Honorary captains selected

The honorary captains for the 14th annual Altoona Mirror Basketball Classic will be the one-time Blair County girls basketball career scoring leader and the driving force behind the success of the Central Blair Recreation Commission’s Mansion Park Summer Basketball League.

Lacey Claar, who graduated Claysburg-Kimmel High School in 2007 after setting the Blair County scoring record with 2,187 points, and Skip Dry, who has directed the Mansion Park league for more than 40 years, will be recognized between games Friday when the top seniors from Blair County take on the best from Central PA.

The girls game tips off at 6:30 p.m. with the boys to follow at 8:30.

Claar was the three-time Juniata Valley League player of the year and the Class A state player of the year in 2007 when she led the Lady Bulldogs to the PIAA semifinals.

She was a first-team Mirror all-star from 2005-07 and the player of the year in ’07.

Her all-time county scoring record surpassed Williamsburg’s Abby Hoy and marked the first Blair County girl to score 2,000 points.

The record has since been broken and is held by Karson Swogger, the former Bellwood-Antis standout now playing at Saint Francis.

Claar went from Claysburg to IUP and helped lead the Crimson Hawks to a pair of Pennsylvania State Athletic Conference championships. She earned first-team PSAC honors in 2011.

When she graduated IUP, Claar owned the single-season record for 3-pointers made (74) and 3-point percentage (42.8) as well as the career record for 3-pointers (215), 3-point percentage (39.5) and free-throw percentage (81.5).

She scored 1,166 points at IUP and her 390 career assists rank third all-time.

Claar currently served as the varsity assistant and jayvee coach at Baldwin-Whitehall High School, near Pittsburgh, and she is employed by CS Trucking in business development.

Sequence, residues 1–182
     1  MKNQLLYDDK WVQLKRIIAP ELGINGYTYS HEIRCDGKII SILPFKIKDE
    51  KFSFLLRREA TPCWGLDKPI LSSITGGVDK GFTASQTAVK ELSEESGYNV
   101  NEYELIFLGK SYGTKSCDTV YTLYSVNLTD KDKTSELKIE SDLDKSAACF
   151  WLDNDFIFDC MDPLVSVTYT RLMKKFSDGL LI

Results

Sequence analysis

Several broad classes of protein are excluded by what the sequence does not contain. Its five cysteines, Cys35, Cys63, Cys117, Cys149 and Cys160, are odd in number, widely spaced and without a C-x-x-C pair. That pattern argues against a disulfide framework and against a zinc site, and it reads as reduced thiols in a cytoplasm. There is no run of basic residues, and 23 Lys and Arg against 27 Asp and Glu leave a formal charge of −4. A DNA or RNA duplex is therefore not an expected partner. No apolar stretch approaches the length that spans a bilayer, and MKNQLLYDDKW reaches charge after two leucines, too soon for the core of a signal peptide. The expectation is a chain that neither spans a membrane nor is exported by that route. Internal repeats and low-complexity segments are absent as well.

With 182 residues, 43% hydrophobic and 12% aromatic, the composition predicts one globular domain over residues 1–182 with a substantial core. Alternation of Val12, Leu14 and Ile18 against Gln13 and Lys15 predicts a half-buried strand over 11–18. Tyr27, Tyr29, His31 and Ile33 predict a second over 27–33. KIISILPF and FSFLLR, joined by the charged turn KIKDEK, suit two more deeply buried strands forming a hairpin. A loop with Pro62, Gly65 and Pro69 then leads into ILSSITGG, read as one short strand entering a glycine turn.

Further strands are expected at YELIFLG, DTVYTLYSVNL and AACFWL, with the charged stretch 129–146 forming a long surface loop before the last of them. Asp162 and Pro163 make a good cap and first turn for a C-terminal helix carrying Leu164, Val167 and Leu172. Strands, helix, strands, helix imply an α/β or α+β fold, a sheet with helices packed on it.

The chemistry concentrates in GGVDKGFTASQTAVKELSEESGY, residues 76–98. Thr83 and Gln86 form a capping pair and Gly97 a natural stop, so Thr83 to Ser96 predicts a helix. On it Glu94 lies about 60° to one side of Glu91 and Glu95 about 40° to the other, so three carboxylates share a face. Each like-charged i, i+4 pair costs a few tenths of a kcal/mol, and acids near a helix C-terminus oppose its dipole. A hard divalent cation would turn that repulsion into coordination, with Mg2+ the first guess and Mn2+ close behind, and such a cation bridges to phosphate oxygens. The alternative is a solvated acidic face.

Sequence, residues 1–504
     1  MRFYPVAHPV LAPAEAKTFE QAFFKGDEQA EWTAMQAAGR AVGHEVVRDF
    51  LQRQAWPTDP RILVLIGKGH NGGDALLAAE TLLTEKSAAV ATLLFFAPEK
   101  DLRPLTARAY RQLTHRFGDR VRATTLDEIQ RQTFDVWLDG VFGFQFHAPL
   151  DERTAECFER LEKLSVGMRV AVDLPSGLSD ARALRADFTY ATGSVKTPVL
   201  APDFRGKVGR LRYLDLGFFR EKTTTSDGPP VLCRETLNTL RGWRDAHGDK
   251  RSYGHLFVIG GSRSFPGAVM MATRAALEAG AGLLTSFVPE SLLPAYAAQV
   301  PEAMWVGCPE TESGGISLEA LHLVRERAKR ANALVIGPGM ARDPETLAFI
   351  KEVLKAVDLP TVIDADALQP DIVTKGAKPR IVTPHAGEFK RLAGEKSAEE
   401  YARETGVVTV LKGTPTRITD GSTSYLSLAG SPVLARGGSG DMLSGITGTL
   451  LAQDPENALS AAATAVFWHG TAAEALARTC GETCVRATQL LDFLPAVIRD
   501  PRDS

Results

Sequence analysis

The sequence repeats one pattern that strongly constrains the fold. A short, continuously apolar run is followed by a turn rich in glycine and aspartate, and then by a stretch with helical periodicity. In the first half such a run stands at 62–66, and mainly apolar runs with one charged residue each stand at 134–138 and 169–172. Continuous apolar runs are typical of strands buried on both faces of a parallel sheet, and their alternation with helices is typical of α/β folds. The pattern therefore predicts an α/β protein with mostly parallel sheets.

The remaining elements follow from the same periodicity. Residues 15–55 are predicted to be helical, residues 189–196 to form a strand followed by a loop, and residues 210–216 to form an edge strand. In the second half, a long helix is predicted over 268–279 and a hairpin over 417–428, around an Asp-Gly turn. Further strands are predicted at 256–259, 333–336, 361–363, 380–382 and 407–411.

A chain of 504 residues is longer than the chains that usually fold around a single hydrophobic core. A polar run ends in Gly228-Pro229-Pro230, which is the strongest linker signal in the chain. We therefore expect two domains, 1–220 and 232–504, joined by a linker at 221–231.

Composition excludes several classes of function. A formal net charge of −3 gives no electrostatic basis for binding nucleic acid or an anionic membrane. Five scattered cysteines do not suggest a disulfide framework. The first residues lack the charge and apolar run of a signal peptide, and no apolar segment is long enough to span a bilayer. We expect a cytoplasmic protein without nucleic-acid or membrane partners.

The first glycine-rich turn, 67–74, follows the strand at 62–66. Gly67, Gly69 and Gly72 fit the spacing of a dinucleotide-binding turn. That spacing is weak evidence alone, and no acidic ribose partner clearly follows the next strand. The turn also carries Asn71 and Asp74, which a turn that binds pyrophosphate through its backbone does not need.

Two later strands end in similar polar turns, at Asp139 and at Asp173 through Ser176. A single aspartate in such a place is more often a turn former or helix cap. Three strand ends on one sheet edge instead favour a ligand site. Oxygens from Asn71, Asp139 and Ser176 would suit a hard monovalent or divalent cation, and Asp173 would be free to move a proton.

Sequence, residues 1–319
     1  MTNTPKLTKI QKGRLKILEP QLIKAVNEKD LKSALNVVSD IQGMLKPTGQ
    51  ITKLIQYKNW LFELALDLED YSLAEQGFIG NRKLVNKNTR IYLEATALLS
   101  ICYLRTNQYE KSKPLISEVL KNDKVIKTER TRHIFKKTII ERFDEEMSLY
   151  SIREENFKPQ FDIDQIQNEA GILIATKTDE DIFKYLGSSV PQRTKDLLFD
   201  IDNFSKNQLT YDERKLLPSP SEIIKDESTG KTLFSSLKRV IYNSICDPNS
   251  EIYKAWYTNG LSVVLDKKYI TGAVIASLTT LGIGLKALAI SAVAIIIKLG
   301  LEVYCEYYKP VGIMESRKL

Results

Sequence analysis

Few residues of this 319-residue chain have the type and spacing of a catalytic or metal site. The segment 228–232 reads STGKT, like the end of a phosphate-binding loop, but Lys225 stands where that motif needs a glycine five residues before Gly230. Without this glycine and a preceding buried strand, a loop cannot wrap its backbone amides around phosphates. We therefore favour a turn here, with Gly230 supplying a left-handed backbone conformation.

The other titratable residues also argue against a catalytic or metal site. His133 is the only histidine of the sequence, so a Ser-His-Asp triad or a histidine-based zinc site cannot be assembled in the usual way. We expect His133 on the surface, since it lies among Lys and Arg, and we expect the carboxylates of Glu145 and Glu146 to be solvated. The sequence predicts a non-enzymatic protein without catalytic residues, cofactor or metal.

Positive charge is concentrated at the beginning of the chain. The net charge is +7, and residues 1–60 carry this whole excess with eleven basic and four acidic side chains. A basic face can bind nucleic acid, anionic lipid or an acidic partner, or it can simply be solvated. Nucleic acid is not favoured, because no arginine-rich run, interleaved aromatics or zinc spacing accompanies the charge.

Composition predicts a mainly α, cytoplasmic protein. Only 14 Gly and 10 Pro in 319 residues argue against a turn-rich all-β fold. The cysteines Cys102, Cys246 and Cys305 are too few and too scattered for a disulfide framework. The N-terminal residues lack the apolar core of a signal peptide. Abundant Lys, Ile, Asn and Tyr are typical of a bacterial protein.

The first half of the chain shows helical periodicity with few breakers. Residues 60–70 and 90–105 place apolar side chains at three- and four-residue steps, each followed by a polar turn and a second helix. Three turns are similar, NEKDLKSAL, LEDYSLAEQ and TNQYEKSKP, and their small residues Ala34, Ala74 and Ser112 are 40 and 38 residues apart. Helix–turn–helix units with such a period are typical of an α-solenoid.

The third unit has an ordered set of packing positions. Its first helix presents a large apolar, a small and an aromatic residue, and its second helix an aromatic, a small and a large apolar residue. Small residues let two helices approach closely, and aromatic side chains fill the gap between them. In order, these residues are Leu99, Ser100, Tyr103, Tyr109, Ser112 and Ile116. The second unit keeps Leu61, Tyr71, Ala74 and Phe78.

She’s engaged to be married (fiance Dave) and resides in Bethel Park.

Mansion Park’s courts were torn down last summer, and the league is moving operations to a newly-constructed facility at Lakemont Park.

And while the venue, location and scenery will change, one thing that won’t change is the league’s leadership.

That will still be handled by Dry, who enters his 41st year as director of the league, which will now be known as The Lakemont Park Summer Basketball League

Dry, 70, is a Vietnam veteran who played in the league when it started in 1968 with eight teams.

He continues to officiate, and he and his staff juggle scheduling for the more than 50 teams that comprise the league.

Dry’s family — wife Diane, son Matt and daughter Courtney Lonsinger — assists his efforts.

“You can’t do it without the support of your family,” he said. “I’ve had a lot of referees who have been with me for a long time, and Clark Adelman has been a big help with the schedule and the referees.”

Neil Rudel, director of the Mirror Classic, said the honorary captains have added a sense of nostalgia to the Classic as well as providing deserving recognition.

“When we started, we were honoring four honorary captains and four honorary coaches per year,” he said. “That became a little difficult to sustain, but we like still having a vehicle to recognize players and contributors who have left their mark on the game — as both Lacey and Skip definitely have.”